Endoscopic Ultrasound

Also known as: EUS.

What is endoscopic ultrasound?

Ultrasound is a medical imaging test that uses sound waves to produce pictures of organs and systems inside the body. When more detailed images of portions of the digestive system are needed, a patient might receive an endoscopic ultrasound. This involves performing an ultrasound using an endoscope, or a long, thin, flexible tube that is passed inside the body.

What happens during the procedure?

After receiving medicine to help with relaxation and induce sleep the endoscope is inserted into the patient’s mouth and into the esophagus and stomach. The endoscope has an ultrasound within it that creates the images of the inside of the body. Then the endoscope is removed.

Is any special preparation needed?

You may need to avoid food, drink or medication for a set period of time before the procedure. In some cases, you might be required to take a laxative or enema.

What are the risk factors?

Bleeding, infection or perforation of surrounding tissue are potential complications of endoscopic ultrasound.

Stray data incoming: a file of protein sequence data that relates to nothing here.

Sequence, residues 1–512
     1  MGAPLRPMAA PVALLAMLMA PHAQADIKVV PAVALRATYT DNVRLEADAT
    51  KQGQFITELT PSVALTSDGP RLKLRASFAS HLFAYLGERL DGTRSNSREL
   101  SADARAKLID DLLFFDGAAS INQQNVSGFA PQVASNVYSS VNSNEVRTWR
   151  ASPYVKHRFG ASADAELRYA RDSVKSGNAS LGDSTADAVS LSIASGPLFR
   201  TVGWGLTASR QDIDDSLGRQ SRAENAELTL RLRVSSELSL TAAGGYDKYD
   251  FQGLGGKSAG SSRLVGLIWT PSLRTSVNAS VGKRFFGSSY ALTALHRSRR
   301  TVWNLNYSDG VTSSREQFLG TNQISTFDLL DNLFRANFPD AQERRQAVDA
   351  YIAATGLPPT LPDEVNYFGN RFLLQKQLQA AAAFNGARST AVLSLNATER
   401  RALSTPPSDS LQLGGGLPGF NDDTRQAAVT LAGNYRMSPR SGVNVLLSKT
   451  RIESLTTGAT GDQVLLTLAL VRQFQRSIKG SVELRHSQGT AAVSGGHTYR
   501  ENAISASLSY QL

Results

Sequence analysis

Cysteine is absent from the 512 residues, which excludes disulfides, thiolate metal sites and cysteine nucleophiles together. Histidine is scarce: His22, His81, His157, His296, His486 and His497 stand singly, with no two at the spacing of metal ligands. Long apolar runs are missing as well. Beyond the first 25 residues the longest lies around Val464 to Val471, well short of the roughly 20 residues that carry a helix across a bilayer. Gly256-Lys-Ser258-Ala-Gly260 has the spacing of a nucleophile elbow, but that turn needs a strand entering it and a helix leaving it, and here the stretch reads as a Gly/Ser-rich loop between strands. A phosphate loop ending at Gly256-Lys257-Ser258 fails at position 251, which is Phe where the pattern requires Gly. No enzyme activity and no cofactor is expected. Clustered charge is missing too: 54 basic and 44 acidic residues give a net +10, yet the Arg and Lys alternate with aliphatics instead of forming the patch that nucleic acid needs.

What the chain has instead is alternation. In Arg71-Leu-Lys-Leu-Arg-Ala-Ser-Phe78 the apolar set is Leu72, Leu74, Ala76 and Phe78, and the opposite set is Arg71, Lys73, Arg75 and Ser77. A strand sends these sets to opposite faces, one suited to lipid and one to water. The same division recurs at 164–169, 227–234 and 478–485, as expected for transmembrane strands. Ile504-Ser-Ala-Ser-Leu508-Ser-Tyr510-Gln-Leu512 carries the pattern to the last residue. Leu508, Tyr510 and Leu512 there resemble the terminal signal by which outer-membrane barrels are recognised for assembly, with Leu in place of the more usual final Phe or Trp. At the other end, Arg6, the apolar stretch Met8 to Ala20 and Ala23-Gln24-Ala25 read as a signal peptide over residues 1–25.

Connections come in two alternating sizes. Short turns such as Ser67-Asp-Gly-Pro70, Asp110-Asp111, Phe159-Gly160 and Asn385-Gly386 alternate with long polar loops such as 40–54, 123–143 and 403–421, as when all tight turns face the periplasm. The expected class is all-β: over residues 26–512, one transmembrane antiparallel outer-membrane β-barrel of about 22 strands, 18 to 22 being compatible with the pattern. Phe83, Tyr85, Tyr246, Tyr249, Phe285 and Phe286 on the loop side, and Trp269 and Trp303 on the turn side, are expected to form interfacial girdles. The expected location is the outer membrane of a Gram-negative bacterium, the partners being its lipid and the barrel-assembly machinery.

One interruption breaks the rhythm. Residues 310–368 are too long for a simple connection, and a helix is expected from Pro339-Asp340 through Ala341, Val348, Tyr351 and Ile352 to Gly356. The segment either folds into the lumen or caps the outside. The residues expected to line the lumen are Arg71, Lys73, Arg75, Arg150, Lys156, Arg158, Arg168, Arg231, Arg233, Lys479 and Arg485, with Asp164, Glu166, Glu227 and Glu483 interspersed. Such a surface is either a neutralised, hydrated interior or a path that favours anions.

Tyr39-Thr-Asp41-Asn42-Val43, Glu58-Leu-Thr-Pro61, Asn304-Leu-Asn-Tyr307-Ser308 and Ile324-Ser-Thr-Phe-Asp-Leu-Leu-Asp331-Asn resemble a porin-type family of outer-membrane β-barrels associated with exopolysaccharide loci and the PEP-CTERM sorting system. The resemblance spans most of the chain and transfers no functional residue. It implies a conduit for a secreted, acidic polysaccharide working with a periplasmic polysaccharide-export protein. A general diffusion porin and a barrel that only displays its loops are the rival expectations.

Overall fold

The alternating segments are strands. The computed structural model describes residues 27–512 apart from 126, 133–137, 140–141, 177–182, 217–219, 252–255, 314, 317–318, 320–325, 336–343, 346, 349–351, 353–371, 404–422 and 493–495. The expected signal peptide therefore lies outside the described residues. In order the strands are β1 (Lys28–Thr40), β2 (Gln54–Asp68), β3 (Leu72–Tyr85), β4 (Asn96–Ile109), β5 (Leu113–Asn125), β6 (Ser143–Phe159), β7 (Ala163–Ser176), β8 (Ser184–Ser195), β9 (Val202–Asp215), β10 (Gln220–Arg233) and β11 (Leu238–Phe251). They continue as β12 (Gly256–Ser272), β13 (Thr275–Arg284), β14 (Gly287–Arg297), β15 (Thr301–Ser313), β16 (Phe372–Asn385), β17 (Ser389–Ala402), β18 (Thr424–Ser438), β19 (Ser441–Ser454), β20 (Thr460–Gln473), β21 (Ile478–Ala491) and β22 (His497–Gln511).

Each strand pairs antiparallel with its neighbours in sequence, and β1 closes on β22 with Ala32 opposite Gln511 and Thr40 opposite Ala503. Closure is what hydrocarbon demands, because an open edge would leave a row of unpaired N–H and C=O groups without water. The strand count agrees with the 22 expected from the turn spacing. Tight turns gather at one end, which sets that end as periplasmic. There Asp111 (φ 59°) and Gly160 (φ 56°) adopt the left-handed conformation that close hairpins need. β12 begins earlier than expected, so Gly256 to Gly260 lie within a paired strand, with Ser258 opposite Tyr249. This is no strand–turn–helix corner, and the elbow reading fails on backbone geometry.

Reviewed by: Carrie Firestone Baum, MD

This page was last updated on: February 25, 2021 04:11 PM

Pediatric Gastroenterology

The Division of Pediatric Gastroenterology at Nicklaus Children’s Hospital is dedicated to the treatment of a wide variety of gastrointestinal problems in infants, children and adolescents with a multidisciplinary approach.

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Ultrasound

An ultrasound is a large camera that helps doctors understand more about the tissues and organs inside the body. These painless exams help doctors see images in further detail. Learn more

Endoscopy

An endoscopy is a procedure that is done using a special tool with a camera at the end (an endoscope), to take a look at what is going on inside the person's esophagus, stomach, small intestine, and large intestine. Learn more